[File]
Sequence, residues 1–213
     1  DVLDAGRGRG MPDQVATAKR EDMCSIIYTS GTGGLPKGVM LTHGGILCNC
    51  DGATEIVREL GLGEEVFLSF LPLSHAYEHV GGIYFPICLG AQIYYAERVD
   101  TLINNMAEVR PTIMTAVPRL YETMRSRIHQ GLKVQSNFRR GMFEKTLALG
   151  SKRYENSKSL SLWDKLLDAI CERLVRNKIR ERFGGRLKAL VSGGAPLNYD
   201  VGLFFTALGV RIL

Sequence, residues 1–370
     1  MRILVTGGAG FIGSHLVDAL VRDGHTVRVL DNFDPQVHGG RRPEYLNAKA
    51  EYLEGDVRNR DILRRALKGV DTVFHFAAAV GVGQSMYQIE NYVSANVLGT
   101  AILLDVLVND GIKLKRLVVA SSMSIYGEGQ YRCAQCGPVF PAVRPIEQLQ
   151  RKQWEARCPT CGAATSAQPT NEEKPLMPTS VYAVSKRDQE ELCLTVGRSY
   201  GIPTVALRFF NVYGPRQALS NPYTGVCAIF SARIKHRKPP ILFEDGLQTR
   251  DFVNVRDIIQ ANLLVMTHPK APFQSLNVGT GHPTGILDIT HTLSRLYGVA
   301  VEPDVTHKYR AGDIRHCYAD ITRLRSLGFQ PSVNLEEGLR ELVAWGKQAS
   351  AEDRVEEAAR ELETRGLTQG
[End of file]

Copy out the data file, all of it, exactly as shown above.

Sequence, residues 1–213
     1  DVLDAGRGRG MPDQVATAKR EDMCSIIYTS GTGGLPKGVM LTHGGILCNC
    51  DGATEIVREL GLGEEVFLSF LPLSHAYEHV GGIYFPICLG AQIYYAERVD
   101  TLINNMAEVR PTIMTAVPRL YETMRSRIHQ GLKVQSNFRR GMFEKTLALG
   151  SKRYENSKSL SLWDKLLDAI CERLVRNKIR ERFGGRLKAL VSGGAPLNYD
   201  VGLFFTALGV RIL

Sequence, residues 1–370
     1  MRILVTGGAG FIGSHLVDAL VRDGHTVRVL DNFDPQVHGG RRPEYLNAKA
    51  EYLEGDVRNR DILRRALKGV DTVFHFAAAV GVGQSMYQIE NYVSANVLGT
   101  AILLDVLVND GIKLKRLVVA SSMSIYGEGQ YRCAQCGPVF PAVRPIEQLQ
   151  RKQWEARCPT CGAATSAQPT NEEKPLMPTS VYAVSKRDQE ELCLTVGRSY
   201  GIPTVALRFF NVYGPRQALS NPYTGVCAIF SARIKHRKPP ILFEDGLQTR
   251  DFVNVRDIIQ ANLLVMTHPK APFQSLNVGT GHPTGILDIT HTLSRLYGVA
   301  VEPDVTHKYR AGDIRHCYAD ITRLRSLGFQ PSVNLEEGLR ELVAWGKQAS
   351  AEDRVEEAAR ELETRGLTQG